Wednesday, December 31, 2014

The Pudding Acheivement

For the last couple of years, my contributions to the Fezziwig's Ball refreshments table has been figgy pudding. Fezziwig's Christmas party is described in A Christmas Carol:

"There were more dances, and there were forfeits, and more dances, and there was cake, and there was negus, and there was a great piece of Cold Roast, and there was a great piece of Cold Boiled, and there were mince-pies, and plenty of beer. But the great effect of the evening came after the Roast and Boiled, when the fiddler (an artful dog, mind! The sort of man who knew his business better than you or I could have told it him!) struck up “Sir Roger de Coverley.” Then old Fezziwig stood out to dance with Mrs. Fezziwig. Top couple, too; with a good stiff piece of work cut out for them; three or four and twenty pair of partners; people who were not to be trifled with; people who would dance, and had no notion of walking."

Figgy pudding only plays a tangential role in the festivities, but it is central to the celebration at Bob Cratchit's house. As Scrooge observes,

"In half a minute Mrs. Cratchit entered—flushed, but smiling proudly—with the pudding, like a speckled cannon-ball, so hard and firm, blazing in half of half-a-quartern of ignited brandy, and bedight with Christmas holly stuck into the top."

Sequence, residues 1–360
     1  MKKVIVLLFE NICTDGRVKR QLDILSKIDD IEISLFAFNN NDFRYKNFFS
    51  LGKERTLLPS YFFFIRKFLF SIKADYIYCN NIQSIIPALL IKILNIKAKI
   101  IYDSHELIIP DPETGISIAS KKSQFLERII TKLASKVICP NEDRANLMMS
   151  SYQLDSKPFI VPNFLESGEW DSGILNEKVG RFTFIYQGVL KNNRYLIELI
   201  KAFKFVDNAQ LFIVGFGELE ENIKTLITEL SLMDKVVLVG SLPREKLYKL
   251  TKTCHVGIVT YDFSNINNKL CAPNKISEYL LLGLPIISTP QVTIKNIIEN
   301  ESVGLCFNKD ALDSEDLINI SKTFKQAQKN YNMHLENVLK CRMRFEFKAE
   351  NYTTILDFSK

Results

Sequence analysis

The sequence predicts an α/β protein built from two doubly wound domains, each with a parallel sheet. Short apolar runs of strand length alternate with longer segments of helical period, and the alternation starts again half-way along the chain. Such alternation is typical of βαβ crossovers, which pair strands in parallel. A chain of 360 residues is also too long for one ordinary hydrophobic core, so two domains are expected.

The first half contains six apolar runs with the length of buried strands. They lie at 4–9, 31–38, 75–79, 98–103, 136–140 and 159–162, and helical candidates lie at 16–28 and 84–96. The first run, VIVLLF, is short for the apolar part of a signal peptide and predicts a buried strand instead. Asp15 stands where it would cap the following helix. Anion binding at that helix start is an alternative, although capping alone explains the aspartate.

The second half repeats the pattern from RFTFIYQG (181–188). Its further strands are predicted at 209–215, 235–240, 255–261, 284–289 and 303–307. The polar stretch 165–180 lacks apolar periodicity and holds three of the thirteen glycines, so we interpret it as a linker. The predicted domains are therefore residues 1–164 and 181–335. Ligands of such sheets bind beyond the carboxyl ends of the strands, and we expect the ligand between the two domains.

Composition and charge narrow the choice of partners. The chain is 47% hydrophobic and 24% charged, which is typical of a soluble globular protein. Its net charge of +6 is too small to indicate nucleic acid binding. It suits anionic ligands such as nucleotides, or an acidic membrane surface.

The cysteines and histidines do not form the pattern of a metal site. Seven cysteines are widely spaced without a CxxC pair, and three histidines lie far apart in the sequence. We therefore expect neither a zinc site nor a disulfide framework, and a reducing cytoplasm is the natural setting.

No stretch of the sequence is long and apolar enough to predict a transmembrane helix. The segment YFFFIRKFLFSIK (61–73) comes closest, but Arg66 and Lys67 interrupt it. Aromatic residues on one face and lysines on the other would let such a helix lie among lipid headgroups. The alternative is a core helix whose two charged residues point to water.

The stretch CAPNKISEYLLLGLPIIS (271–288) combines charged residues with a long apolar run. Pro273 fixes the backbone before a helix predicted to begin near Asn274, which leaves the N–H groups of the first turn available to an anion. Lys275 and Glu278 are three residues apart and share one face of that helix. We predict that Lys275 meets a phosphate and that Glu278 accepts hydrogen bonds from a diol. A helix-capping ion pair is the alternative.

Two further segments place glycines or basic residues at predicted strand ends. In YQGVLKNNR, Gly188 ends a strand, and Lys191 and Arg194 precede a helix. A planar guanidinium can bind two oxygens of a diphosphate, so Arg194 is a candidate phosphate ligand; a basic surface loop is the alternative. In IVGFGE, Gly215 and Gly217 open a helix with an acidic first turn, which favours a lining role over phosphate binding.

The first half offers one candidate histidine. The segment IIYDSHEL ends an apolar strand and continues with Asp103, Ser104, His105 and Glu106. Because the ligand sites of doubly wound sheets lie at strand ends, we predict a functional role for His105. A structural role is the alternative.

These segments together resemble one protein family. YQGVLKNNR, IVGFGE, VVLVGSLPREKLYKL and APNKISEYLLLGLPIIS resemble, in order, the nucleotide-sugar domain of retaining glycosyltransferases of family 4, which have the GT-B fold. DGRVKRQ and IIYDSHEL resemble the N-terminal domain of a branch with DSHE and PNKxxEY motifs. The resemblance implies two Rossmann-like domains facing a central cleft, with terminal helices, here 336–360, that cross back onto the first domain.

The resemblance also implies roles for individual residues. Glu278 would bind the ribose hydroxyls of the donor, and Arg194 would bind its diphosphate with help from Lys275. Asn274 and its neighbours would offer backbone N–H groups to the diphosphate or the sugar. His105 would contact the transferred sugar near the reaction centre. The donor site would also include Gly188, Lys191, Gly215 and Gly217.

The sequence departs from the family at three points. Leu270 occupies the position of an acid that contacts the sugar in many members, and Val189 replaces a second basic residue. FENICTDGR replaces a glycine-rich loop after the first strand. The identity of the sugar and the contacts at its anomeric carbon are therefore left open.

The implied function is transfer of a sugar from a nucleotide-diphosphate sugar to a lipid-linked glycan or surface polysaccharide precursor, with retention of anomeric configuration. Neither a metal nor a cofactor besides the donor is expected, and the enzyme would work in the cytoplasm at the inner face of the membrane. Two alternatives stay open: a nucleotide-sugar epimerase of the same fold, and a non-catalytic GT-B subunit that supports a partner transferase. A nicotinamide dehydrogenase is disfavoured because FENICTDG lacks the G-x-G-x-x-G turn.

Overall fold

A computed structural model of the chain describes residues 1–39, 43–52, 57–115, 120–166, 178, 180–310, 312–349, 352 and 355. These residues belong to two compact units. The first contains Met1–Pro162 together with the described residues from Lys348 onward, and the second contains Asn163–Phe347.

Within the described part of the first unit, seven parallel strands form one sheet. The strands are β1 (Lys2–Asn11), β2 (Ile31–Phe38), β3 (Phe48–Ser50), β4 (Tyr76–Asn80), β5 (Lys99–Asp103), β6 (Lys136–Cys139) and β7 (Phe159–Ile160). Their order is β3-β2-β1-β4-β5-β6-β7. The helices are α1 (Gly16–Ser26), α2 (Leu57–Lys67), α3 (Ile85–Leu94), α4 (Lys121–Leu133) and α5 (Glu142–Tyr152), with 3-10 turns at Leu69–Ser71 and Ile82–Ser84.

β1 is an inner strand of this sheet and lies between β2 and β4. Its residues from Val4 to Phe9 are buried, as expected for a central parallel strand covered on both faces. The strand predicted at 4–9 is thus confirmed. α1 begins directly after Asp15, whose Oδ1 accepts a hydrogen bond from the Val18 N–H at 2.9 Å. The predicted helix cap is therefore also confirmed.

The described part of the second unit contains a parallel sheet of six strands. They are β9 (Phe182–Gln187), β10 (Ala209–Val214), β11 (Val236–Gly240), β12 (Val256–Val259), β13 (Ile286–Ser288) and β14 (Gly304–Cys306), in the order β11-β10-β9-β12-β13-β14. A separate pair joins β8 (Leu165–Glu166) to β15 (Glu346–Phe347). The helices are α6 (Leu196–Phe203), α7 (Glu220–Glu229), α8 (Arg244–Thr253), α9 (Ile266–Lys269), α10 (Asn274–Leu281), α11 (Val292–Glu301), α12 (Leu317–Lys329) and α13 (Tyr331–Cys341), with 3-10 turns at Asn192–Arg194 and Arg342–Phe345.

And of course, figgy pudding is the dessert called for in the carol "We Wish You a Merry Christmas." We sing carols before the ball (including this one), so it seemed doubly appropriate to have some on offer. It also turns out figgy pudding is pretty delicious!


Yum!
Mentions of figgy pudding (also known as plum pudding, among other names, which is how it appears in A Christmas Carol) have appeared since the 15th century. It was especially popular in America during the 19th century. Dozens of recipes and interpretations were published in magazines and books throughout the century--I particularly love the article "Plum Pudding: A Christmas Essay" published in The National Magazine in 1857:

"But it is not as a work of art alone that I wish to contemplate a plum pudding. I claim for my theme a higher purpose than the mere gratification of the appetite and propose to treat it not only in a gastronomical, but also in national, commercial, geographical, statistical, social, and moral sense. ...Can there be a more thorough embodiment of sociality and good fellowship? Whoever heard of low spirits and plum pudding? or ill temper and plum pudding? or any thing else in connection with plum pudding but hearty goodwill and kind feeling?"

The pudding itself, topped with a sprig of holly, pine and berries I bought at JoAnn's a couple of years ago
 While it's full of dried fruit (not just figs!) held together by breadcrumbs and fat (suet, traditionally), figgy pudding ends up being fairly cakelike. As Mrs. Cratchit "had her doubts about the quantity of flour," this cakelike consistency is pretty accurate for the mid-19th century. The major difference between figgy pudding and desserts we're more used to is that figgy pudding is boiled. It's also traditionally set aflame (or rather, the pudding is covered in a hard sauce which burns off)--something I have yet to try. Instead, I serve our pudding with custard sauce, which is slightly less accurate but entirely delicious.